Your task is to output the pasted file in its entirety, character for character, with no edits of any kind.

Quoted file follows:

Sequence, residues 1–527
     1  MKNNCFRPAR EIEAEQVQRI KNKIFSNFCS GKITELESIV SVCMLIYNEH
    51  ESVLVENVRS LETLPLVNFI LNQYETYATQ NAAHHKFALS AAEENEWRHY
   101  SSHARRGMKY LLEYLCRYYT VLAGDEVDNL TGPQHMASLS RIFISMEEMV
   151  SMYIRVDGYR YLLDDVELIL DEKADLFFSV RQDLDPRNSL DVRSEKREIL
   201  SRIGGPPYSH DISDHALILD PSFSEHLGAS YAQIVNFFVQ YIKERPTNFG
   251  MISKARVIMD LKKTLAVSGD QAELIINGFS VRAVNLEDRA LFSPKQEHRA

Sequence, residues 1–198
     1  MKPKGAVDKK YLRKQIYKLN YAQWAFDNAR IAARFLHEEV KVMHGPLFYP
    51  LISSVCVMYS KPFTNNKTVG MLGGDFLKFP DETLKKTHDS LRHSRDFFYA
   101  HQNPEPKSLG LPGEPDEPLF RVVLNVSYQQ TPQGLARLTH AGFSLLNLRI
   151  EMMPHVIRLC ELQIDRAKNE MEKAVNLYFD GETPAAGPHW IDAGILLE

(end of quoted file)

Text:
Sequence, residues 1–527
     1  MKNNCFRPAR EIEAEQVQRI KNKIFSNFCS GKITELESIV SVCMLIYNEH
    51  ESVLVENVRS LETLPLVNFI LNQYETYATQ NAAHHKFALS AAEENEWRHY
   101  SSHARRGMKY LLEYLCRYYT VLAGDEVDNL TGPQHMASLS RIFISMEEMV
   151  SMYIRVDGYR YLLDDVELIL DEKADLFFSV RQDLDPRNSL DVRSEKREIL
   201  SRIGGPPYSH DISDHALILD PSFSEHLGAS YAQIVNFFVQ YIKERPTNFG
   251  MISKARVIMD LKKTLAVSGD QAELIINGFS VRAVNLEDRA LFSPKQEHRA

Sequence, residues 1–198
     1  MKPKGAVDKK YLRKQIYKLN YAQWAFDNAR IAARFLHEEV KVMHGPLFYP
    51  LISSVCVMYS KPFTNNKTVG MLGGDFLKFP DETLKKTHDS LRHSRDFFYA
   101  HQNPEPKSLG LPGEPDEPLF RVVLNVSYQQ TPQGLARLTH AGFSLLNLRI
   151  EMMPHVIRLC ELQIDRAKNE MEKAVNLYFD GETPAAGPHW IDAGILLE